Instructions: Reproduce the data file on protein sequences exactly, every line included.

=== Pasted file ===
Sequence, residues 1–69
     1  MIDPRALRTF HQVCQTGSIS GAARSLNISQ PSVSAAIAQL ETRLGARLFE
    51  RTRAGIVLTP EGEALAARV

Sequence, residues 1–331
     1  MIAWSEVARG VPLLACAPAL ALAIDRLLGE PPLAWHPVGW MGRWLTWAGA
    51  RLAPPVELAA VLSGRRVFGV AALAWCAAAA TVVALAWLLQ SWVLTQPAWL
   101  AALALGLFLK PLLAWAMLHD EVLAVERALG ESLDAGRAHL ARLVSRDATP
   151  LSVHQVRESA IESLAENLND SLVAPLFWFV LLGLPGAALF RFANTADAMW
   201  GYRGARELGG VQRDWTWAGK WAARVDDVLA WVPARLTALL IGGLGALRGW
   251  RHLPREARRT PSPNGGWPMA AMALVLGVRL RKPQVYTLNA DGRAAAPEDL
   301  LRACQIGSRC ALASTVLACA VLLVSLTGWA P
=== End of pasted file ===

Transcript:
Sequence, residues 1–69
     1  MIDPRALRTF HQVCQTGSIS GAARSLNISQ PSVSAAIAQL ETRLGARLFE
    51  RTRAGIVLTP EGEALAARV

Sequence, residues 1–331
     1  MIAWSEVARG VPLLACAPAL ALAIDRLLGE PPLAWHPVGW MGRWLTWAGA
    51  RLAPPVELAA VLSGRRVFGV AALAWCAAAA TVVALAWLLQ SWVLTQPAWL
   101  AALALGLFLK PLLAWAMLHD EVLAVERALG ESLDAGRAHL ARLVSRDATP
   151  LSVHQVRESA IESLAENLND SLVAPLFWFV LLGLPGAALF RFANTADAMW
   201  GYRGARELGG VQRDWTWAGK WAARVDDVLA WVPARLTALL IGGLGALRGW
   251  RHLPREARRT PSPNGGWPMA AMALVLGVRL RKPQVYTLNA DGRAAAPEDL
   301  LRACQIGSRC ALASTVLACA VLLVSLTGWA P